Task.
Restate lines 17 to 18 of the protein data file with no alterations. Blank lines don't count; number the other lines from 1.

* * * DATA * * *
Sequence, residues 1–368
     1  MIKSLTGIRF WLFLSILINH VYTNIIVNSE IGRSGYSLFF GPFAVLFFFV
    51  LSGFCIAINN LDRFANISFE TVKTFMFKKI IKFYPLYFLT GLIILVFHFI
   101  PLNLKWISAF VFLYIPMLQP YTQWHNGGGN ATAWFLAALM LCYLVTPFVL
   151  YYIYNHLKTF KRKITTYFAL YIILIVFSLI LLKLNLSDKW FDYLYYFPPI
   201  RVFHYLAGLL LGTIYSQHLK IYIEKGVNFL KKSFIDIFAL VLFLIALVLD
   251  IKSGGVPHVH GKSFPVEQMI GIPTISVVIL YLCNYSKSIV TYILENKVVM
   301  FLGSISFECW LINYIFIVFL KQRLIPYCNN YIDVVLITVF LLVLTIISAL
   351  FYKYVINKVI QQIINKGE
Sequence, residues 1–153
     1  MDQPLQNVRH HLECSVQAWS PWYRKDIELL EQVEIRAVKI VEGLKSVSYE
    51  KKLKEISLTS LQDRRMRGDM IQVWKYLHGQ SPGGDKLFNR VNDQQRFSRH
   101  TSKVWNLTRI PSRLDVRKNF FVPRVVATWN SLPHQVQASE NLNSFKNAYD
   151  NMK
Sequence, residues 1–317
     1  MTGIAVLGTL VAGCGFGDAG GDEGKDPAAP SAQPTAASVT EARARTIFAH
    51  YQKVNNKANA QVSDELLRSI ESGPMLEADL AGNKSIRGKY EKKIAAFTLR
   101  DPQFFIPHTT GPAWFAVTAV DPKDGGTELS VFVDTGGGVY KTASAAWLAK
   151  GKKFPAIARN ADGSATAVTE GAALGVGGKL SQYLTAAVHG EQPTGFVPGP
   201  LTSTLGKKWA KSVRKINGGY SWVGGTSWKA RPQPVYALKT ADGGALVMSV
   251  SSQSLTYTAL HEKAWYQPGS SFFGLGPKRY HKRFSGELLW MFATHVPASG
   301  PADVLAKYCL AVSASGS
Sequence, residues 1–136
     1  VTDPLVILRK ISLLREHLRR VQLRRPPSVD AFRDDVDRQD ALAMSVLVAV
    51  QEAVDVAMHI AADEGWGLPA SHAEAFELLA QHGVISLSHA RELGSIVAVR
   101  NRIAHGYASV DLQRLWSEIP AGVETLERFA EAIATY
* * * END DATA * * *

    51  YQKVNNKANA QVSDELLRSI ESGPMLEADL AGNKSIRGKY EKKIAAFTLR
   101  DPQFFIPHTT GPAWFAVTAV DPKDGGTELS VFVDTGGGVY KTASAAWLAK